Teachers world-wide have been working with and adding to the collective curriculum, known as Waldorf School, for now 100 years. As educators, we hope to share our lifelong teaching experiences with people who are interested in child development. As people, we strive on a daily basis to remain teachable, ourselves. This is what makes Waldorf Teacher Institute so different from other training programs. We are not here to teach a formula, but rather a way of seeing—and then how to transform that observation into action. Waldorf Education is a unique yet universal pedagogy, developed by Rudolf Steiner in 1919. It is based on an understanding of human development that addresses the needs of the growing child. Waldorf teachers strive to transform education into an art that educates the whole child—the heart and the hands, as well as the head. When you enter a Waldorf school, the first thing you may notice is the care given to the building. The walls are usually painted in lively colors and are adorned with student artwork. Evidence of student activity is everywhere to be found and every desk holds a uniquely created main lesson book.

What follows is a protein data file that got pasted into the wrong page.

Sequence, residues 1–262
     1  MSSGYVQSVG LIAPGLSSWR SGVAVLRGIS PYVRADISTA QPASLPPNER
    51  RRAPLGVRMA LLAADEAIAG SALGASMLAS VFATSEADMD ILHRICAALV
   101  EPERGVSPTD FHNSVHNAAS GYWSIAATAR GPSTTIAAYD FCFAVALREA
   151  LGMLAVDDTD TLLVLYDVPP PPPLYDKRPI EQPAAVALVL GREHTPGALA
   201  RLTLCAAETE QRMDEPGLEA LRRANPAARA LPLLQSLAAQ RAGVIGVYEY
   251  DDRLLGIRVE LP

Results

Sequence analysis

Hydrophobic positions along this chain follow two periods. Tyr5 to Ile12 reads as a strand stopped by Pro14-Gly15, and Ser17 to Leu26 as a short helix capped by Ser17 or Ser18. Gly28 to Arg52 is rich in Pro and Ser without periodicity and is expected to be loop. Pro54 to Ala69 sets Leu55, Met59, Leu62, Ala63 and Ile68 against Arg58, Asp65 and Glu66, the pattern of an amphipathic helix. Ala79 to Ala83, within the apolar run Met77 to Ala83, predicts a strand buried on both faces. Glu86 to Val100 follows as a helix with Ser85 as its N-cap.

Another first impression may be the enthusiasm and commitment of the teachers you meet. These teachers are interested in the students as individuals. They are interested in the questions:
How do we establish within each child his or her own high level of academic excellence?
How do we call forth enthusiasm for learning and work, a healthy self-awareness, interest and concern for fellow human beings, and a respect for the world?
How can we help pupils find meaning in their lives?
The short film, Waldorf 100, helps explain why Rudolph Steiner Schools or Waldorf Schools now celebrate 100 years of parent commitment. They are chosen by parents because these schools serve the needs of family in important ways. Waldorf Schools are the fastest growing education in the world.